Gambling is much more more accessible, much more easier any time or place. We know that gambling is occuring during work hours and this can either be in the form of just simply someone sitting at the desk and gambling away without anybody knowing about it. Distractions in the workplace are more evident than ever before. A new report suggests Australian employees are gambling on their bosses’ time. Not that long ago you said have to get your car, drive to TAB put a bit on and then hopefully win some money.

You can literally bet every few seconds now. We’re all carrying casinos in our pockets. So we need to understand, what does that do to a society? And how does that increase the risk of people developing problems with gambling. Often times, gambling is seen as a way that you might be able to get out of that money trap.Ironically for many people of course, it makes the situation worse. Difference in Australia is that we spend a lot more per capita then any other country so despite having similar level of anticipation, we expenditure rate which has doubled or tripled more than other probable countries.

Workplaces in the changing face of gambling is the focus for the Victorian Responsible Gambling Foundation during Responsible Gambling Awareness Week. This year’s responsible gambling awareness week is all about with particular focus on how it has impacted families in terms of this whole changing gambling environment. These activities is accessible through phones and tablet devices which are very popular among business and working people. And so what we’re seeing is increasing involvement happening amongst the demographic, perhaps in the past, gamble didn’t play as much. Sports betting and casino games like online poker lead the charge on web related gambling activities. With thousands of legal sites easily accessible due to minimal regulation on the Internet.

Like many things that can be caused, flow-on effects right across the community. And I think everybody’s got an interest in addressing this and making for greater responsibility in gambling. I’ve seen that the the impact this has had first-hand.

Former footballer Wayne Schwass knows what can go wrong when gambling gets out of control. Helping a relative overcome addiction, Schwass says there needs to be better education about gambling responsibly. That’s part of what makes this country great. You know having a beer and having a punt and having a good time with your friends.

I’m not going to sit here and say don’t do that. What I want to encourage people to do though is, before you actually start to do or make some those decisions, plan it. What can I afford to play with? What can I afford to lose if I happen to lose? And what’s my cut off point? The Premiership player says football and other sporting clubs also have an in the issue.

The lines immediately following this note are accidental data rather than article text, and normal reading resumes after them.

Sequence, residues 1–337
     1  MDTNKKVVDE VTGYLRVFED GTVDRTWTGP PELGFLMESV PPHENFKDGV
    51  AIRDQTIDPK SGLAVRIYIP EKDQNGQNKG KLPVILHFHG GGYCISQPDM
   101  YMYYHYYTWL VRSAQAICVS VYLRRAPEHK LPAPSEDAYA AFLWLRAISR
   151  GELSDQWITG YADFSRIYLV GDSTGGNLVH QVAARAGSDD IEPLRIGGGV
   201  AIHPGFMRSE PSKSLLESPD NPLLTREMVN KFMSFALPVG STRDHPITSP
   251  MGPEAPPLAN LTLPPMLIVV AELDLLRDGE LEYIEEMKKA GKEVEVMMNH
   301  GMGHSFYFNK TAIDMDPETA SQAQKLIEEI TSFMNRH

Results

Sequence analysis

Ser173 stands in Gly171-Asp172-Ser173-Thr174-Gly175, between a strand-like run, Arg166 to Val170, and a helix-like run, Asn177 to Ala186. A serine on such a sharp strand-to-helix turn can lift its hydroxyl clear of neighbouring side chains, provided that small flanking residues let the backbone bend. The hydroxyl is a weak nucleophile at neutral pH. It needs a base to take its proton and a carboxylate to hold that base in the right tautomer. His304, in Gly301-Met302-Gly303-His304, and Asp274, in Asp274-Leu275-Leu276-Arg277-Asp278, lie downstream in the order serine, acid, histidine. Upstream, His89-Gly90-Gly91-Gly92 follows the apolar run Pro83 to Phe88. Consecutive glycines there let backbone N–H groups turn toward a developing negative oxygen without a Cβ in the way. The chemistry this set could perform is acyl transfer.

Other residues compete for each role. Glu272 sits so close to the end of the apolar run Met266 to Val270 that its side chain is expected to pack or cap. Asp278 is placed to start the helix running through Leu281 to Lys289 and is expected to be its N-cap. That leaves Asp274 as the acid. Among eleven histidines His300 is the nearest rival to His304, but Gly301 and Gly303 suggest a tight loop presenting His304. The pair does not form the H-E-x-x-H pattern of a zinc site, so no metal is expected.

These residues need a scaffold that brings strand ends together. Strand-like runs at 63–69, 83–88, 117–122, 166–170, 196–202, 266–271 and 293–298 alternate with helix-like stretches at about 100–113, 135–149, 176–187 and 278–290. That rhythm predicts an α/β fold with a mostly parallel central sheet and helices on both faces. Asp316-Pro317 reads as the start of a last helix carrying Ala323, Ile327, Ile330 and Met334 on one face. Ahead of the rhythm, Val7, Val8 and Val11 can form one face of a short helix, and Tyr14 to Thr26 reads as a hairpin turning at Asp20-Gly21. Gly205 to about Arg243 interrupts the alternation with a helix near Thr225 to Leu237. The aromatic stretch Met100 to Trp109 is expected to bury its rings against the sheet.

Either philosophical view in regards to any social issue and the connection between sport and the people that follow the sport, that is we have an enormous responsibility. One club taking that responsibility seriously, is the Collingwood Football Club. The latest sporting club to sign a Responsible Gambling charter.

The Collingwood Football Club is in to side by side and that’s about looking after your family and friends and people around you and sometimes it takes someone else to see the problem developing. The club has also taken a step to stop any communication about gambling their members under the age of 18. There is no doubt that every sporting club including the AFL clubs have a responsibility to their supporters and members to insure that, that sensitive age group under 18 isn’t bombarded with the communications that can happen on a daily basis. It’s easy to think about this as just a problem or an issue, but like many things, it can cause flow-on effects right across the community. And I think everybody’s got an interest in addressing this and making for greater responsibility in gambling. The Institute of Family Studies has researched the effects of gambling but says the key is prevention.

I’m a great believer in early intervention and prevention as far as possible and you know it’s better to have basically a fence at the top of the cliff rather than an ambulances at the bottom. And the latest report by the Victorian Responsible Gambling Foundation shows prevention is just as important in the workplace for employers as it is for gamblers. This year we’re launching a program for employees and workplaces to to really start to get you know, raise their understanding of their employees gambling in the workplace.

So, what we do know is that employers have a duty of care to maintain a healthy and safe workplace and there may be the risk that if an employer allows employees to gamble say on their own phones or iPads or workplace computers, it could be a liability for employers because essentially indirectly they have endorsed or supported that particular activities. The foundation has also released a gaming venue best practice guide that sets the benchmark all licensed venues in Victoria. Responsible gambling, I think is very well advanced in Australia.

I think compared to many other countries around the world we do very well in responsible gambling. We have mandatory codes of practice, number of specific guidelines about how venues operate. I think we’re doing pretty well. Certainly plenty of work to do.

We are not an anti-gambling foundation. We recognize that for many people gambling is an legitimate form of entertainment. What we want to do through Responsible Gambling Awareness Week is really send the message that similar to to alcohol, it is an activity that has risks associated with it. If I’m gonna bet, I’m gonna bet responsibly!